04 Sep Thembalethu Manqunyana – Ingcingani – 1-11 October 2021
Ingcingani – Voices from Within
Opening 1 October 2021 at 17h30
Showing until 11 October 2021
RSVP at email@example.com
After various attempts at finding my own visual language and personal artistic style had yielded little, and while dabbling with all sorts of technical approaches, I decided to explore Western texts that analysed artistic methods and unpacked historical schools, like Neo-Expressionism and Cubism.
While I grappled with this process of discovery, I knew that my African identity was an indelible part of my style. The same energy of West African masks that influenced the Cubists, inspired and comforted me. My search for my artistic and visual voice always led me outside myself — and into these texts, their histories and the movements they inspired — drawing what I found there back into unique interpretations and methods which fixed my quest onto canvas.
There was stillness, as even the most vigorous search for my voice relied upon spending time listening to, and closely observing, what other people say or do… particularly modern artists. My dive into Cubism and Neo-Expressionism led me to the works of Jean-Michel Basquiat and Blessing Ngobeni. Particularly, how they exploded the boundaries — painting outside of particular schools or movements. Neither of them are firmly Cubist or Neo-Expressionist, they are their own thing entirely.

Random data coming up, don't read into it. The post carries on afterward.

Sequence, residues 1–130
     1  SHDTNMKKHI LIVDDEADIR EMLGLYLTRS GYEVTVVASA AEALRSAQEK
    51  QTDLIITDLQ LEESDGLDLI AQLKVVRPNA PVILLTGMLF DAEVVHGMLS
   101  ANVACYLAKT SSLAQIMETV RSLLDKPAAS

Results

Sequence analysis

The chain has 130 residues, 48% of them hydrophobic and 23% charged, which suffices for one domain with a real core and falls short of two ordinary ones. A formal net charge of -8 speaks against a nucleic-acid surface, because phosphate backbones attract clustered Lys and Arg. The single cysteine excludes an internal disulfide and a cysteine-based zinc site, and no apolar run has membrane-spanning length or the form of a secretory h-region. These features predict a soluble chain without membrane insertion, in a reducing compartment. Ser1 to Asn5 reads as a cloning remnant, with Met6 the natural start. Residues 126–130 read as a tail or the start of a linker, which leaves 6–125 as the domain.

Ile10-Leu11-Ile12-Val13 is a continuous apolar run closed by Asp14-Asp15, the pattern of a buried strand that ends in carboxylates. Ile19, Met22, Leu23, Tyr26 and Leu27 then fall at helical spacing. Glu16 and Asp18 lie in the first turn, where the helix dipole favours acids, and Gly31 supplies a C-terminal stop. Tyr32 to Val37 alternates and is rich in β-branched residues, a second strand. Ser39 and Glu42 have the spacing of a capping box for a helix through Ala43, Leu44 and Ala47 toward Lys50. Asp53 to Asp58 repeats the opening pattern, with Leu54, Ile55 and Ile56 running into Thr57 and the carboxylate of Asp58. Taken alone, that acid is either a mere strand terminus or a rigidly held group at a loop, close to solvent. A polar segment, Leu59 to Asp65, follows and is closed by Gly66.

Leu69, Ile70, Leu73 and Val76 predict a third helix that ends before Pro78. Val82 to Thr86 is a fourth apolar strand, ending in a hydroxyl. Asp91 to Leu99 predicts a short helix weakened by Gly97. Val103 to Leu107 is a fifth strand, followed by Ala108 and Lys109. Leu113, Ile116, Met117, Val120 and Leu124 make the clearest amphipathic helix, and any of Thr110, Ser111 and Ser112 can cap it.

Their work and courage to be different inspired me to take the leap myself — relating to my influences, but through my own methods, interpretations and style. Currently, I am closely exploring West African mask forms and creating images heavily inspired by them. The liberal use of colours attempts to articulate arrangements of character, by intentionally undermining racist tendencies that so easily and often unconsciously manifest in identities captured in portraiture. My art celebrates that lack of racial appeal that otherwise unavoidably defines the identities of my portrait subjects.
– Thembalethu Manqunyana –
Besides the strong visual impact of Thembalethu’s work, I absolutely love the message it sends to the world.
His work represents creative abundance, breaking the rules within the rules, the challenge to modernise our own thoughts, question the ways we see, and revise our morals and actions. For this exhibition, the use of masks representing African mythology and drawing stylistically from West African mask traditions, brings even more focus onto this ethos.
Basquiat’s influence on Thembalethu’s work brings an edge to the street-savvy artist’s creative process, situating it consciously in a revolt against the constraints of established style and the use of a personal visual language that delivers social commentary while serving as a tool for introspection and reflection on identity.
By coaxing the vibrant energy of the Cape Town scene onto canvas, Thembalethu shares his personal life experiences — physical and psychological — with us, as if they are each a self-portrait. With such thick storytelling, authenticity and vulnerability radiating from the canvas, each image leaves us enriched by an intimate glimpse into the mind of this luminescent artist.
– Jozua Rossouw –